The ABCs and Your Skin

Several links below exit EPA Exit EPA Disclaimer

By Lina Younes

As we get older, our skin changes.  As part of the natural aging process, it is not uncommon to develop age spots, also known as “liver spots”. Sometimes small growths of skin called skin tags raise to the surface as well. In general, these age tags and spots are harmless. However, some spots and growths might be signs of something much more worrisome than physical appearance alone. These changes may be due to the big “C:” skin cancer.

Studies show that skin cancer is the most common cancer in the United States largely due to overexposure to harmful ultraviolet (UV) rays. So how can you tell if that new growth or sore that doesn’t heal warrants a visit to the doctor?

Check the “ABCDE’s.  These letters stand for

A = Asymmetry (one part of the growth looks different than the other)

B = Borders that are irregular

C = Color changes or more than one color

D = Diameter greater than the size of a pencil eraser

E = Evolving. In other words the growth is changing in size, shape, symptoms, shades, or even bleeding.

In this case, you should see your doctor right away.

Last summer, my father who is in his 80’s noticed a skin spot that kept on evolving and sometimes bled. He showed it to my cousin, a dermatologist, who immediately ordered a biopsy. The test results showed that it was basal cell carcinoma (BCC). Luckily, it was in its early stages. During an out-patient procedure, the cancer was removed. My father quickly recovered and now monitors his skin regularly to see if there are any abnormal spots or growths.

What steps can be taken to prevent skin cancer?  Well, there are things you can do. What is Number one on the list? Take every day steps to sun safety.  You can enjoy the sun and outdoor activities with the right sunscreen protection and protective clothing. Seek the shade, especially during the times when the sun’s rays are the strongest between 10 AM and 4 PM. Avoid tanning, whether under the sun or UV tanning booths.  Think of these tips during “Don’t Fry Day” and every day of the year!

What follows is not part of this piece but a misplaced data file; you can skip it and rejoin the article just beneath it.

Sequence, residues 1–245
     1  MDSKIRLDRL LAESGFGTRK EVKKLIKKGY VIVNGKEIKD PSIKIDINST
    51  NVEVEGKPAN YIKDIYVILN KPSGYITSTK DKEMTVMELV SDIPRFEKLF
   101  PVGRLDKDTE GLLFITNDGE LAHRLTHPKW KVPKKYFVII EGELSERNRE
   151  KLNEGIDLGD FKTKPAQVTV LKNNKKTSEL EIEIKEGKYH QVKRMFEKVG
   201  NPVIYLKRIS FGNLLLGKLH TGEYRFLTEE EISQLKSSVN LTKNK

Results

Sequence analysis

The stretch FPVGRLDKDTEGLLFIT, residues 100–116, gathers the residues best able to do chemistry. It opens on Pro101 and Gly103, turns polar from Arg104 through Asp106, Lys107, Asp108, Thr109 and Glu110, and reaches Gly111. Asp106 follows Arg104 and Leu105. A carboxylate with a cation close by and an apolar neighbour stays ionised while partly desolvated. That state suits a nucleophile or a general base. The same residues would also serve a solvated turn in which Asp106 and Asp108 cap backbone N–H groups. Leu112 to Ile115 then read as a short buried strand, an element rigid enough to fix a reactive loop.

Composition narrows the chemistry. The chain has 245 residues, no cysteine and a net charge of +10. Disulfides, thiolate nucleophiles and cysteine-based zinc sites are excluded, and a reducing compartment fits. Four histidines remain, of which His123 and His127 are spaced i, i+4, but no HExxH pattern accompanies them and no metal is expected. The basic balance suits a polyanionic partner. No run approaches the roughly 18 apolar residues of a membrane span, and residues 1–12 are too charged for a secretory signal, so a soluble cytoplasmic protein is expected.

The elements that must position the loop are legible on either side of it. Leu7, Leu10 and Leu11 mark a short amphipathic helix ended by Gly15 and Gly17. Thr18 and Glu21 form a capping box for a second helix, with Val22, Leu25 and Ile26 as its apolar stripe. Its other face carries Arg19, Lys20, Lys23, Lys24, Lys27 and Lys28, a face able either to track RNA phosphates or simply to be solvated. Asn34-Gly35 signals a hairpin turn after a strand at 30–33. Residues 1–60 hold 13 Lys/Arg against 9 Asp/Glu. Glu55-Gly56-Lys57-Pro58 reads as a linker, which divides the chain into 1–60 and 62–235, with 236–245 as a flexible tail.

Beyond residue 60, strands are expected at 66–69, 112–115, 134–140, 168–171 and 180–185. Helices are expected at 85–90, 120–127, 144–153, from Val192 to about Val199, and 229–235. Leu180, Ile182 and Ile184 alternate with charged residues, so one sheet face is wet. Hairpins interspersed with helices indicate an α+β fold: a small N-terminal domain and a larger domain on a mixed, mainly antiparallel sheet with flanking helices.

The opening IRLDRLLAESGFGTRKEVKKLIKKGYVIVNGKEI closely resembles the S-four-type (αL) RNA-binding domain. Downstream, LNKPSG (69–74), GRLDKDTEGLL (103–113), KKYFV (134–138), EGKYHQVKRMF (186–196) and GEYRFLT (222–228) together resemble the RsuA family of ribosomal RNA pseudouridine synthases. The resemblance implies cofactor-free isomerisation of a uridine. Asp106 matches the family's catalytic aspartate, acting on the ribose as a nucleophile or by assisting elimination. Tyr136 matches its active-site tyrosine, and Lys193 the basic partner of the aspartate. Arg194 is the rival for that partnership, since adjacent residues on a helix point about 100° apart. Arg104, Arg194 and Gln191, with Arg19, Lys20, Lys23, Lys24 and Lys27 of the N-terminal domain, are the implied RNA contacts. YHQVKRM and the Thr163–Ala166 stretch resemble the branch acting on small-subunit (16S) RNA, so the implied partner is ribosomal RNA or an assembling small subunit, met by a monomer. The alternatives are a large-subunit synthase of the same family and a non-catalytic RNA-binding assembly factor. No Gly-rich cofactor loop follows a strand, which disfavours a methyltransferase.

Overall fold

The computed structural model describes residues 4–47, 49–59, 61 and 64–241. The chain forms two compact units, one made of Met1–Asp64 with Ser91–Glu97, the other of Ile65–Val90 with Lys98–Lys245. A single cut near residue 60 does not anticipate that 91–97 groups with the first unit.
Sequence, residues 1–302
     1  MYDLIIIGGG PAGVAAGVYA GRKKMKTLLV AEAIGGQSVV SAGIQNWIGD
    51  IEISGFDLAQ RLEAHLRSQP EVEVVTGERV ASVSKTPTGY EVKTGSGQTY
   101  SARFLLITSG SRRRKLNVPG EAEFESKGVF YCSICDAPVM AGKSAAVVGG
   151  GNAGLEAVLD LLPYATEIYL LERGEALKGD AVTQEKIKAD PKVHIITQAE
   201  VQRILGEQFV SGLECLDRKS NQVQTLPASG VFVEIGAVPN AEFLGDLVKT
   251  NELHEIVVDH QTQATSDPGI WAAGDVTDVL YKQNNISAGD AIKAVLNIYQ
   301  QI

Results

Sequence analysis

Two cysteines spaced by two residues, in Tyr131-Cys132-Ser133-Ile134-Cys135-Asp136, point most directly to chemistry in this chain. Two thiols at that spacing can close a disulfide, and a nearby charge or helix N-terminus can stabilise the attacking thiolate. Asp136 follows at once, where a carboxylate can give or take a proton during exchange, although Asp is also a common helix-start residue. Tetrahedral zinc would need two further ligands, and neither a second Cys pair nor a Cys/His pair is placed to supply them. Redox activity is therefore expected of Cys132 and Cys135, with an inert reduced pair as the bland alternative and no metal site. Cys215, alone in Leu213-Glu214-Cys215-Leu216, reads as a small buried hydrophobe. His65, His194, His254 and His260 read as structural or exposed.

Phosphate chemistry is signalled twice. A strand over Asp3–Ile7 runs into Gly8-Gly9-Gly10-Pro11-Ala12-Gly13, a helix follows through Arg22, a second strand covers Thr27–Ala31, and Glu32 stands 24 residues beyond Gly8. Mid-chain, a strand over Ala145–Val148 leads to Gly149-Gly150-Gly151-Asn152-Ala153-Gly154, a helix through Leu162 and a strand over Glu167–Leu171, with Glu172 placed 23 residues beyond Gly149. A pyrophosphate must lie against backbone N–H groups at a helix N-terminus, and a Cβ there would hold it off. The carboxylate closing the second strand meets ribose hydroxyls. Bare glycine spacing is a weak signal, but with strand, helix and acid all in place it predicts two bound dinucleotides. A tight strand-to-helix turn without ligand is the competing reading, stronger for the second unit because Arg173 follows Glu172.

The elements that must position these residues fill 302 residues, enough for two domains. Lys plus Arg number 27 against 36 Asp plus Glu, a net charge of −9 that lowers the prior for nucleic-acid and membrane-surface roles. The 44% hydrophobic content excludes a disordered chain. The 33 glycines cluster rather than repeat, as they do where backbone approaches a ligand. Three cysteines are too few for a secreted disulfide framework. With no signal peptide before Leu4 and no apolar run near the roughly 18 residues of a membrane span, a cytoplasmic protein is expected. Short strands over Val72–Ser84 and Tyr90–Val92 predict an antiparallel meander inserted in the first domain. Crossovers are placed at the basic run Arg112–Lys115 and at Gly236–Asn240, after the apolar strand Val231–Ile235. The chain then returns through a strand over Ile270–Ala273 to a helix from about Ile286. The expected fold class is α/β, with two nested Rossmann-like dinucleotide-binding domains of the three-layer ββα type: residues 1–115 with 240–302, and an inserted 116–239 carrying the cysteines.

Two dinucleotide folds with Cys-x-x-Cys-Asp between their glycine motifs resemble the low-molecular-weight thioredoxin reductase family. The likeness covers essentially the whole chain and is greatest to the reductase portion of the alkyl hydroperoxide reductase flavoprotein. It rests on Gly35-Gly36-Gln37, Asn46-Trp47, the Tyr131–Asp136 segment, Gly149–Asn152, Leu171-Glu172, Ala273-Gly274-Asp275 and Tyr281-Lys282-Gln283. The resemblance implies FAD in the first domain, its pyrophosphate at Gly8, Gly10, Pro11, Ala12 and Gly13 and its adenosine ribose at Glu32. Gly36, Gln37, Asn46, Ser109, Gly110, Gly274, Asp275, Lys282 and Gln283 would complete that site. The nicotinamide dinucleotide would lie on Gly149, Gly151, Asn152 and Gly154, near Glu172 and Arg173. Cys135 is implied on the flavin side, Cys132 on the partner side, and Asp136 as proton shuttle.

Do you have any tips about sun safety that you would like to share with us? We will love to hear from you.

About the author: Lina Younes has been working for EPA since 2002 and currently serves the Multilingual Outreach and Communications Liaison for EPA. She manages EPA’s social media efforts in Spanish. Prior to joining EPA, she was the Washington bureau chief for two Puerto Rican newspapers and she has worked for several government agencies.

Editor's Note: The views expressed here are intended to explain EPA policy. They do not change anyone's rights or obligations. You may share this post. However, please do not change the title or the content, or remove EPA’s identity as the author. If you do make substantive changes, please do not attribute the edited title or content to EPA or the author.

EPA's official web site is Some links on this page may redirect users from the EPA website to specific content on a non-EPA, third-party site. In doing so, EPA is directing you only to the specific content referenced at the time of publication, not to any other content that may appear on the same webpage or elsewhere on the third-party site, or be added at a later date.

EPA is providing this link for informational purposes only. EPA cannot attest to the accuracy of non-EPA information provided by any third-party sites or any other linked site. EPA does not endorse any non-government websites, companies, internet applications or any policies or information expressed therein.